common name for the Acanthaceae, a family of chiefly perennial herbs and shrubs, mostly tropical. Many members have decorative spiny leaves and are cultivated as ornamentals, e.g., bear's breech, whose ornate leaves provided a motif often used in&Greek and Roman art and architecture. In Christian art, the acanthus symbolizes heaven.

In Greek Mythology, the son of Autonous and Hippoamia. The horses of his father tore him to pieces.

(c) Encyclopedia Mythica,

From Smith's Dictionary of Greek and Roman Biography and Mythology (London, 1880)

ACANTHUS ('Akanthos), the Lacedaemonian, was victor in the diaulos and the dolichos in the Olympic games in Ol. 15, (B. C. 720,) and according to some accounts was the first who ran naked in these games. (Paus. v. 8. § 3; Dionys. vii. 72; African. apud Euseb. p. 143.) Other accounts ascribe this to Orsippus the Megarian. Thucydides says that the Lacedaemonians were the first who contended naked in gymnastic games. (i. 6.)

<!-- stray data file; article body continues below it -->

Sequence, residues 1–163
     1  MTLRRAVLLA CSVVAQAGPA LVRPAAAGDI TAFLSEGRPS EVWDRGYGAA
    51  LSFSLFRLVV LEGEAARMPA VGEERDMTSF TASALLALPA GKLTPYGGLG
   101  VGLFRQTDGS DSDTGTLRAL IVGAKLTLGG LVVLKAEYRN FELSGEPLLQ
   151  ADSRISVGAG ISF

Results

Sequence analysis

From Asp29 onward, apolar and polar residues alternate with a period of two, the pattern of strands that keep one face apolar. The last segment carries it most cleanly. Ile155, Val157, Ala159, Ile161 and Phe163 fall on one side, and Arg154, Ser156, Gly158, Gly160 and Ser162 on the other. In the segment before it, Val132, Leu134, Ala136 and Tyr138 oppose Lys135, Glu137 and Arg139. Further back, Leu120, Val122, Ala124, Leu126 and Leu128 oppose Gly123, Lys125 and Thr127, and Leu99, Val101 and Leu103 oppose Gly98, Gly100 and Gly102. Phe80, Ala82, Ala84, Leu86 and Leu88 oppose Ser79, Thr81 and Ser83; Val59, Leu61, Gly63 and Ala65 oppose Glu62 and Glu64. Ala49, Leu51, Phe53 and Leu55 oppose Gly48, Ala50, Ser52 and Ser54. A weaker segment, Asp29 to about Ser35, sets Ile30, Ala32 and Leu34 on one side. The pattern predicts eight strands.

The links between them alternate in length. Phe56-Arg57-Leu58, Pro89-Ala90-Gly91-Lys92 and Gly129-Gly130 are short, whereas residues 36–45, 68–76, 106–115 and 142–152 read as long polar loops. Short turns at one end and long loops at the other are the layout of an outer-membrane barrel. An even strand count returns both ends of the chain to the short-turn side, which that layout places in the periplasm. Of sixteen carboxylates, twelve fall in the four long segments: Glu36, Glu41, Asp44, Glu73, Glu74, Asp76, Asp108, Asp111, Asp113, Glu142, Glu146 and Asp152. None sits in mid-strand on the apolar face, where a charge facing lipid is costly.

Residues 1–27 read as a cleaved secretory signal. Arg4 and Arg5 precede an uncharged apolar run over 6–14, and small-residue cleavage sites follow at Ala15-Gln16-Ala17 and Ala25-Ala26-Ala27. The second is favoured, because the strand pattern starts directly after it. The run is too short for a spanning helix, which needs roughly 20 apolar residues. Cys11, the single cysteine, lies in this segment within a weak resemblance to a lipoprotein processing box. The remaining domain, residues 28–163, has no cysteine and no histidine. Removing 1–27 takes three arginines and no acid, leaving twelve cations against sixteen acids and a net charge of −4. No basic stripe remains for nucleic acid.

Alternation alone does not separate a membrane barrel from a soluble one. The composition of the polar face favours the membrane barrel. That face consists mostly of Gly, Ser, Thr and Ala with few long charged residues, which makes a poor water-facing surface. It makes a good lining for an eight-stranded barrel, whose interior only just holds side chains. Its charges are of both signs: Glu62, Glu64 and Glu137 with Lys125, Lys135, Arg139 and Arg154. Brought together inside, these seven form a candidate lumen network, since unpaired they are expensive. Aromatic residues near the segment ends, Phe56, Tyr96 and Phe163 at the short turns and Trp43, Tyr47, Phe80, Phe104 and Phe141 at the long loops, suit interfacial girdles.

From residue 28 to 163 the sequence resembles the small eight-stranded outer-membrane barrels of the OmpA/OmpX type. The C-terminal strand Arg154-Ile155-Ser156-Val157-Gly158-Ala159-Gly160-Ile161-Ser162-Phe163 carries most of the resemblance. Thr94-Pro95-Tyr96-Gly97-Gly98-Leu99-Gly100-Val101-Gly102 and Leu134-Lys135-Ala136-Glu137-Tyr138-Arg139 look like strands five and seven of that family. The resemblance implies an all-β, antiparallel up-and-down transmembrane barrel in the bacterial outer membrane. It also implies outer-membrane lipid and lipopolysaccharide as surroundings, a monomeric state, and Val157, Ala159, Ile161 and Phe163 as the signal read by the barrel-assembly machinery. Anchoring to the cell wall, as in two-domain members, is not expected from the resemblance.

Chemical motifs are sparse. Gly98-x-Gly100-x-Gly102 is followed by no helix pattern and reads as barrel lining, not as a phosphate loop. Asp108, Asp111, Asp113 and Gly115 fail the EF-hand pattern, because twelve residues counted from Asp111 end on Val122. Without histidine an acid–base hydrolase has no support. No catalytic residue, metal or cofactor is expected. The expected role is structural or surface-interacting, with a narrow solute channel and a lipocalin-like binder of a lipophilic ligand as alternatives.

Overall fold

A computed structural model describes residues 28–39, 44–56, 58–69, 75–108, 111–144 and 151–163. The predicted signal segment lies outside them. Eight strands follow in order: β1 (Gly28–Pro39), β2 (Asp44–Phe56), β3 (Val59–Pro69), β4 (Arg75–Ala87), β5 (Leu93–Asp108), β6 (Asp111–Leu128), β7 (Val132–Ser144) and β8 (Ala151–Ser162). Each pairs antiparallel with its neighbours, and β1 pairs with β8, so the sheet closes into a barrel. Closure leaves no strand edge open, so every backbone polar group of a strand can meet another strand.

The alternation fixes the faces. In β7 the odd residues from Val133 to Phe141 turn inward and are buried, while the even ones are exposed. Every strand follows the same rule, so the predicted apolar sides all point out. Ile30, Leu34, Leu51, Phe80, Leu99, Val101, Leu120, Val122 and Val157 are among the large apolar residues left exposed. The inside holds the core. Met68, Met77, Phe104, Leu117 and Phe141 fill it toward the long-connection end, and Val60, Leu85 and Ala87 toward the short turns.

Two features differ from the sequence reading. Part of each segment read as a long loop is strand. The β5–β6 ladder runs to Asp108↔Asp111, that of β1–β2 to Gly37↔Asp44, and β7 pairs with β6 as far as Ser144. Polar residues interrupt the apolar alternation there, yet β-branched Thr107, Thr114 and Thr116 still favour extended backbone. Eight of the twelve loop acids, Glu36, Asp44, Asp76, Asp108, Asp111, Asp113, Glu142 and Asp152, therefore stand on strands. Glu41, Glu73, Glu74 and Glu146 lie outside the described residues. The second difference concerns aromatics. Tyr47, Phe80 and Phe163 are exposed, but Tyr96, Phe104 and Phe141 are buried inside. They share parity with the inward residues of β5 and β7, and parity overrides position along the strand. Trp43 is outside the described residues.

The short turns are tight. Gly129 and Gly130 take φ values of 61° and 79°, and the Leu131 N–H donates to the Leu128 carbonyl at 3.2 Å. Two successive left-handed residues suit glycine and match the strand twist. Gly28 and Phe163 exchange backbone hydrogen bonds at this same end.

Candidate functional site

An original e-text for everything2. I scanned, OCR'd, formatted, and linked this text - it is not available in any format on any other web site. All Greek words are transliterated into Latin characters.

A*can"thus (#), n.; pl. E. Acanthuses (#), L. Acanthi (#). [L., from Gr. . Cf. Acantha.]

1. Bot.

A genus of herbaceous prickly plants, found in the south of Europe, Asia Minor, and India; bear's-breech.

2. Arch.

An ornament resembling the foliage or leaves of the acanthus (Acanthus spinosus); -- used in the capitals of the Corinthian and Composite orders.


© Webster 1913.

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